And that’s where The I.V. Doctor comes in. The brainchild of general surgeon Dr. Adam Nadelson, the months-old company dispatches board-certified physicians and medical professionals directly to clients’ (patients'?) apartments or houses in New York City, Chicago, Los Angeles and, naturally, the Hamptons. Clients are hooked up to an IV and can choose additions from a menu that includes anti-nausea, anti-heartburn and anti-inflammatory medications. Appointments can be arranged online as late as the morning of, and are set up in the comfort of clients’ own homes. Yes, it’s even possible to get it done while lying in bed! With the stated goal of helping hungover, jetlagged and/or dehydrated patients feel and look refreshed almost immediately, Dr. Nadelson’s service is the first to offer these types of treatments outside of Las Vegas. As you might imagine, it comes at quite a premium: individual packages start at around $200. As you might also imagine, a large percentage of his clients work in finance and rely on the IV Doctor as part of a “work hard, play hard” lifestyle.
But back to my couch. The morning after my ill-fated, aforementioned cigarette night (we’ll refer to it as “CN” from here on out), the IV Doctor was kind enough to send over one of its nurses to administer its most popular and complete service — aptly titled “Revive” — free of charge. I was hooked up in a matter of minutes as I sat on my couch with some friends who had assembled to mock me watch football.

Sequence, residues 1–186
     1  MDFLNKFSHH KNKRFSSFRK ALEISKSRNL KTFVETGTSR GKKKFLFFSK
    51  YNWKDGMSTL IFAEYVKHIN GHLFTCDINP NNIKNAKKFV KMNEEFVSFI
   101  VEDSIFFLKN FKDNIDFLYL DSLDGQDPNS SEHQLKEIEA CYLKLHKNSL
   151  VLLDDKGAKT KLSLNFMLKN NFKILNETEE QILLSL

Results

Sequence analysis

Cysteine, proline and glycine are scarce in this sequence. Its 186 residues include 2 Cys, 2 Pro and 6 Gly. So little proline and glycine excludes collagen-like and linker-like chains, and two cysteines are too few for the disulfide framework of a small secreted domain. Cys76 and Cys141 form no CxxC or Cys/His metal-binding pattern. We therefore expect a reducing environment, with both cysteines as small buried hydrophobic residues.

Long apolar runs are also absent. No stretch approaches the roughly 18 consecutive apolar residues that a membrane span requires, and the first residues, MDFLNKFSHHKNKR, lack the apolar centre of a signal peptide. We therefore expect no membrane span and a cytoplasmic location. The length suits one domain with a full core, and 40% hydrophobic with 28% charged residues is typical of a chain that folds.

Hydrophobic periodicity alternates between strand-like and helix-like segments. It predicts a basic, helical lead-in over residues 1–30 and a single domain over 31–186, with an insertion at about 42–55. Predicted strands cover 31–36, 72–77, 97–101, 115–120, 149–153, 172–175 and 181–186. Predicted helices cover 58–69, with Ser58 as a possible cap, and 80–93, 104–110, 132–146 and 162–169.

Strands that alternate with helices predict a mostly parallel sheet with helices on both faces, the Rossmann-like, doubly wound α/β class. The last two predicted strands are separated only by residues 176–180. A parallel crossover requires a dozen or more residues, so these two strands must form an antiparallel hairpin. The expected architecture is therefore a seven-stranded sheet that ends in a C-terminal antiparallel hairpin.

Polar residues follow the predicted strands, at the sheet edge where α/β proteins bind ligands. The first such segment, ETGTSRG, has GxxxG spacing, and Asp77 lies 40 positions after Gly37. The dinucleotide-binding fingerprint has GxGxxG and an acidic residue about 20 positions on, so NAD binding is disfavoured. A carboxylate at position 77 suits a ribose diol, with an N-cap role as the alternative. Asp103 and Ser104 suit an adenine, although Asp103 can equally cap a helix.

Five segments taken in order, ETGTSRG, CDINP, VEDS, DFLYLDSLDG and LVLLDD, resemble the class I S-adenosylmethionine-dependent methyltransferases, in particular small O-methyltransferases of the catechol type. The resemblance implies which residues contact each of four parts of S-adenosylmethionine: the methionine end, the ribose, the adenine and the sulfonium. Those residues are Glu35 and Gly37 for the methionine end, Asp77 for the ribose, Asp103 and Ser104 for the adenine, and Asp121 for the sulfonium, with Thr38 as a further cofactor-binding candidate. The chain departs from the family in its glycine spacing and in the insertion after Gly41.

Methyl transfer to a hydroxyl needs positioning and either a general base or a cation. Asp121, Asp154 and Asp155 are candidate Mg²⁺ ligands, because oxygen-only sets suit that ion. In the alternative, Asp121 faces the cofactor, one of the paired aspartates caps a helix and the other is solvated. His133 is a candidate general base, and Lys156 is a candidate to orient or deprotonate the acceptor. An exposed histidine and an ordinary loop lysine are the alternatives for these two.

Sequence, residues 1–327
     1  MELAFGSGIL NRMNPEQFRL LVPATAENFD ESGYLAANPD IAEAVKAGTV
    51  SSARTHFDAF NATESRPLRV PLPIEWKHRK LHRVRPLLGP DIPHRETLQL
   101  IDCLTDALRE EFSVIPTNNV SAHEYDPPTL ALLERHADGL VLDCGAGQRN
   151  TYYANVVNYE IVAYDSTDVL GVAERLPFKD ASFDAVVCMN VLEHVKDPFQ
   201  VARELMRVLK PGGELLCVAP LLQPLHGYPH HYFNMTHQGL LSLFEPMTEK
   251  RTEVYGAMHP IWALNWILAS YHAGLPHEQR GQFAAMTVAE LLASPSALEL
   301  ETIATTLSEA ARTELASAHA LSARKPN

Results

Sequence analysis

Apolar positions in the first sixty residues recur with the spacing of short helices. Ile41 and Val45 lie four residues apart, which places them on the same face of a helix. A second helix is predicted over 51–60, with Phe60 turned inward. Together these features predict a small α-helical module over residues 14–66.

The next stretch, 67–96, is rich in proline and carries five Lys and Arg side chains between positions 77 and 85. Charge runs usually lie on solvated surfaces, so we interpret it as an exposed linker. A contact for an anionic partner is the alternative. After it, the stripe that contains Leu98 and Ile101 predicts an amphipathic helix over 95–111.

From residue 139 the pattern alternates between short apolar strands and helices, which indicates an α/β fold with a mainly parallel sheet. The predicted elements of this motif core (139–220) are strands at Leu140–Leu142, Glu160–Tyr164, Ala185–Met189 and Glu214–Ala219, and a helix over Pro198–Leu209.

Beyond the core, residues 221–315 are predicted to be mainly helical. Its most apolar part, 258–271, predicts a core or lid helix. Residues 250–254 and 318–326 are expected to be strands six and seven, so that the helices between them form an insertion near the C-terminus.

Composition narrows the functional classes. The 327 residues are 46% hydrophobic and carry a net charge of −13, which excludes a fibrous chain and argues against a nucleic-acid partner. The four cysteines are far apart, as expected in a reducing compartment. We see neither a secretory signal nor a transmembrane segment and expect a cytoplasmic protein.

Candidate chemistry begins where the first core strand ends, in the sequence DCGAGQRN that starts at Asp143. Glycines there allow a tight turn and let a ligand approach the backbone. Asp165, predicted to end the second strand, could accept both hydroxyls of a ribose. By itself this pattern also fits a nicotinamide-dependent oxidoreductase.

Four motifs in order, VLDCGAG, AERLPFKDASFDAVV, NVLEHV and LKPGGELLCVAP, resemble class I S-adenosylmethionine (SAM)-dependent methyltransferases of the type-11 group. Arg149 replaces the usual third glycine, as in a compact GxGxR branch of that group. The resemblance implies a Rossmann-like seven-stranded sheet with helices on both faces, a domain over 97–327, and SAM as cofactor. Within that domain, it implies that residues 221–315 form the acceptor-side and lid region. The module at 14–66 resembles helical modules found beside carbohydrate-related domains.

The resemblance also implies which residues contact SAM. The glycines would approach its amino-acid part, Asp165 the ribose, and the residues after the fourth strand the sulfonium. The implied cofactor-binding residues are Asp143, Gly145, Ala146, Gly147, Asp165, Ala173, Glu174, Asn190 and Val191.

Quick sidenotes: this nurse was remarkably attractive and I momentarily debated the chances of striking up a little doctor-patient-workplace-type romance before the fluids kicked in and snapped me back to my sweatpants-wearing, slob-of-a-self reality. She also appeared to greatly enjoy our group’s dynamic, which consisted of these so-called “friends” alternating between recounting my drunken antics and taking gut shots at me as I groaned in pain — partly from a splitting headache and partly from watching my beloved New York Jets' beleaguered quarterback, Geno Smith, throw his third interception... of the first quarter.
But, does it work? The short answer is yes. The 40-minute session eliminated the jitteriness and disorientation that often results from nights like CN. All traces of nausea were quickly gone. Sure, I may have not felt quite like running a marathon, but that would also have required my running 25.2 more miles than I ever had in a single day to that point. There was no longer a need to cancel a planned family outing later in the day, a far-too-common weekend occurrence for which I had begun to run out of excuses. In the span of less than an hour, the IV Doctor made me a functional person once again… until the next CN, at least.